It was about a year ago when Pierre Guillaume released the first eight fragrances for his new Huitieme Art Parfums label. The idea behind this collection was to take ingredients that we were familiar with and by using new extraction techniques allow for an old dog to learn some new fragrant tricks. In the first eight fragrances (reviewed here and here) the technique was mostly successful but if I had a tiny bit of criticism of the original eight fragrances it was that they felt like preliminary perfume sketches. I really wanted to see what M Guillaume would do when he could take a less voluminous approach and just concentrate on a single composition.
Myrrhiad the new Hutieme Art Parfums release is the answer to my question and the result does much to validate the potential of this technique. As the portmanteau name promises Myrrhiad is about myrrh and it is a glorious example of that resinous note. There are three other notes to go along with the myrrh and they are vanilla, licorice and black tea absolute. It is the black tea absolute that was the real revelation in Myrrhiad for me. It had an intensely animalic character to go with the more traditional tea note usually encountered. These four notes rise together to create the best of Huitieme Art Parfums, so far.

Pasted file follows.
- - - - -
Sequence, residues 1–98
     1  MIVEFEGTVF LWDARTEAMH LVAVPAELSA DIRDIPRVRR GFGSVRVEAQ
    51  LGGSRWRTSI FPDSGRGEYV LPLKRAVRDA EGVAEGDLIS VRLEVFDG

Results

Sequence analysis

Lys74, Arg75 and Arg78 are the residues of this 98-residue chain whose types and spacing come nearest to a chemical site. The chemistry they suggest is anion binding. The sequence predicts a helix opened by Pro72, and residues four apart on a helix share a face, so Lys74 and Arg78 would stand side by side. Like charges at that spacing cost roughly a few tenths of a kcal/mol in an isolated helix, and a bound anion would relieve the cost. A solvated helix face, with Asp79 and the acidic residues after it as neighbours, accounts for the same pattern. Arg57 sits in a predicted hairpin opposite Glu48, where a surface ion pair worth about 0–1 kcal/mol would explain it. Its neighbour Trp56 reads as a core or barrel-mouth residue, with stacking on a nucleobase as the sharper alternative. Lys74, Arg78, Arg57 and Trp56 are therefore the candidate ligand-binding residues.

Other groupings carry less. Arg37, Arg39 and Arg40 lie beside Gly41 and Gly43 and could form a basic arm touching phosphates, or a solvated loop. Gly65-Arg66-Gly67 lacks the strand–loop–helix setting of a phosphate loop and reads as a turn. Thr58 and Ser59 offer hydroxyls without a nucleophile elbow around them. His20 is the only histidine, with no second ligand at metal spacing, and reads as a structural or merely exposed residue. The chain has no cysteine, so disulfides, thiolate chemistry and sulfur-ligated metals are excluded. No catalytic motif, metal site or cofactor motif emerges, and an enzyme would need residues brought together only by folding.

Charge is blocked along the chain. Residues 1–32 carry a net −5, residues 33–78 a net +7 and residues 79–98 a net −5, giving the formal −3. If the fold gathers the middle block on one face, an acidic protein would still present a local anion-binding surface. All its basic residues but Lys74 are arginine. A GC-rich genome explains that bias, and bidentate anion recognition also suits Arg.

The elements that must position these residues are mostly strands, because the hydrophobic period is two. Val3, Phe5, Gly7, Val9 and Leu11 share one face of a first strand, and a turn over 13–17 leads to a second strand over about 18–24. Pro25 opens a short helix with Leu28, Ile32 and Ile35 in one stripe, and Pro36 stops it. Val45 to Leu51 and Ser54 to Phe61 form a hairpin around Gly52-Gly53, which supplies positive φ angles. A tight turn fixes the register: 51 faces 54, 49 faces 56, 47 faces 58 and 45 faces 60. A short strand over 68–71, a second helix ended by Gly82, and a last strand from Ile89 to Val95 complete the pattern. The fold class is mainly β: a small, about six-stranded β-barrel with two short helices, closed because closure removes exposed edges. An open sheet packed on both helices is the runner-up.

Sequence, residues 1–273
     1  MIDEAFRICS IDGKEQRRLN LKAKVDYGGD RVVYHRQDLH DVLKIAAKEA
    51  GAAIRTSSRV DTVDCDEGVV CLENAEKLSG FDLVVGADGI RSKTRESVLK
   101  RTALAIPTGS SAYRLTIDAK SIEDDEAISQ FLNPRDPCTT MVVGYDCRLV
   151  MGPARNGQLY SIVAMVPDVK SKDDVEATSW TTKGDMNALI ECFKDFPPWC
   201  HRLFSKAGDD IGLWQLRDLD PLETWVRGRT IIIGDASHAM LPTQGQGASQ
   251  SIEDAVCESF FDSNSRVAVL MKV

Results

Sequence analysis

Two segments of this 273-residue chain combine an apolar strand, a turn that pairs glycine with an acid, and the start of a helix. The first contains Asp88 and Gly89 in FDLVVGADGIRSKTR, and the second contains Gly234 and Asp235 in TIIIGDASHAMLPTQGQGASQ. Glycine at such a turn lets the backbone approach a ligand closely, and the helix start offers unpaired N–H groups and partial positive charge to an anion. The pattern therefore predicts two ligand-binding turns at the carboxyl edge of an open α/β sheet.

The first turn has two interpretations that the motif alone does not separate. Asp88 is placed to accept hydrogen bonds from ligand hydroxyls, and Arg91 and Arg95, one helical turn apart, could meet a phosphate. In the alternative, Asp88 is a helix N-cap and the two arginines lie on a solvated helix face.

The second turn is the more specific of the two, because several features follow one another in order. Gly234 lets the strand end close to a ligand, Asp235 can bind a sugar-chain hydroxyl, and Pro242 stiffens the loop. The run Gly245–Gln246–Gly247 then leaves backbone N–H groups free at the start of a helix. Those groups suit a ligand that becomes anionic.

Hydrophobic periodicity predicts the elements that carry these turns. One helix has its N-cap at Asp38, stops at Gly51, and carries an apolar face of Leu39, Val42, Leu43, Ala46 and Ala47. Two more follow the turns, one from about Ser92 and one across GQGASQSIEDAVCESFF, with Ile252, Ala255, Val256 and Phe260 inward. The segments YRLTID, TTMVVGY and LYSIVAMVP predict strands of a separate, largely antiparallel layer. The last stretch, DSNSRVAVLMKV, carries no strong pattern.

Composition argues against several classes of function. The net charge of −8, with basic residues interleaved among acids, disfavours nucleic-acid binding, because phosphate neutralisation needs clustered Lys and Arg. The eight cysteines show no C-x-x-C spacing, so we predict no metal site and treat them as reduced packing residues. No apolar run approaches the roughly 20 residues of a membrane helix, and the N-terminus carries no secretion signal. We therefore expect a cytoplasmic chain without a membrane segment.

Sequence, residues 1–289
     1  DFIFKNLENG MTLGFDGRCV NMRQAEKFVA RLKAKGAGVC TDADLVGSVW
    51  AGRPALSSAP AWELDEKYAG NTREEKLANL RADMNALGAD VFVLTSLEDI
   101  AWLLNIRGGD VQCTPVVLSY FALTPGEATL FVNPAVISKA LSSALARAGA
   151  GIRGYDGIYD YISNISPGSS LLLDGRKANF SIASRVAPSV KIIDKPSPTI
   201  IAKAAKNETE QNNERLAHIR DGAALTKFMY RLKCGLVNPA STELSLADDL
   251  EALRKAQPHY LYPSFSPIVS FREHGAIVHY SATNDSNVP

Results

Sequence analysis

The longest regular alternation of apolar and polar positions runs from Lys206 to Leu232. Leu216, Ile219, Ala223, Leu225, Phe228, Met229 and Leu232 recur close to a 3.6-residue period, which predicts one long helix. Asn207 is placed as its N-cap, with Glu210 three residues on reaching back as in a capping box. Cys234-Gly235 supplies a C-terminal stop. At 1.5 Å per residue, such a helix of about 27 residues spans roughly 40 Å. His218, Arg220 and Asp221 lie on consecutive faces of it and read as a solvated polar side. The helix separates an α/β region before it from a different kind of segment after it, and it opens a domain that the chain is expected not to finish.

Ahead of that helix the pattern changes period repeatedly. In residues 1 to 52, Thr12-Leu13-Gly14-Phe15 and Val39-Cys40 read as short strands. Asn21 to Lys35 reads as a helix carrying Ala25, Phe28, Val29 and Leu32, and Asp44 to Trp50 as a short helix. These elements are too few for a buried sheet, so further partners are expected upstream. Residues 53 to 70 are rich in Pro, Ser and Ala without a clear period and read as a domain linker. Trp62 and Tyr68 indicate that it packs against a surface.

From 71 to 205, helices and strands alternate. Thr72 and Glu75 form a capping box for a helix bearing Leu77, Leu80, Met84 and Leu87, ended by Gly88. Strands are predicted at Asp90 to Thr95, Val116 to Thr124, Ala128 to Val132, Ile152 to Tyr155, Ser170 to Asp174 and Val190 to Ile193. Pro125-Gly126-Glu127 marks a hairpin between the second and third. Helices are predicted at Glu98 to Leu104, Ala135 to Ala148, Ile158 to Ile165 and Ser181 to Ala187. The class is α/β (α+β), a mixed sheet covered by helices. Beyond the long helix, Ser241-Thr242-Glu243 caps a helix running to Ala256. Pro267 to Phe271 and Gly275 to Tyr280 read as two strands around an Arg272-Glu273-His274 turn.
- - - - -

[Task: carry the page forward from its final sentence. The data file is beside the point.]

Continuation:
One of the things about Myrrhiad that is so appealing to me is that there is no bright overture before the deeper notes arrive. No, Myrrhiad starts deep and stays that way and that helps make it really nice in colder weather. The myrrh is the first thing that I picked up upon spraying Myrrhiad on my skin and it is sweet, spicy, and resinous. Next up is the Black Tea Absolute and at first it comes off like leather before tea makes itself known. The myrrh and the black tea absolute together are perfect partners and I found myself sniffing myself over and over during the early going when I wore Myrrhiad. Licorice and vanilla make up the base and they add some sweetness and some herbal quality to the final development.
Myrrhiad has above average longevity and average sillage.
If the original set of Huitieme Art Parfums were sketches which showed the potential of new extracts; Myrrhiad is a fully fleshed out piece of fragrant art. M Guillaume uses the black tea absolute to fill in the lines of this sketch and leaves the senses fully satisfied.
We have a draw for five samples of Myrrhiad courtesy of Fragrance and Art. To be eligible visit the site and check out the entire Huitieme Art Parfums collection and then come back and leave a comment on which is your favorite. Draw will end on November 12, 2011.
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–Mark Behnke, Managing Editor
EIC Notes: In my interview with Pierre Guillaume the concept is called Phyto Perfumery Mark listed M. Guillaume as Perfumer of the Year 2010 and named Manguier Metisse (aka Mango Matisse) as one of his top 25 fragrances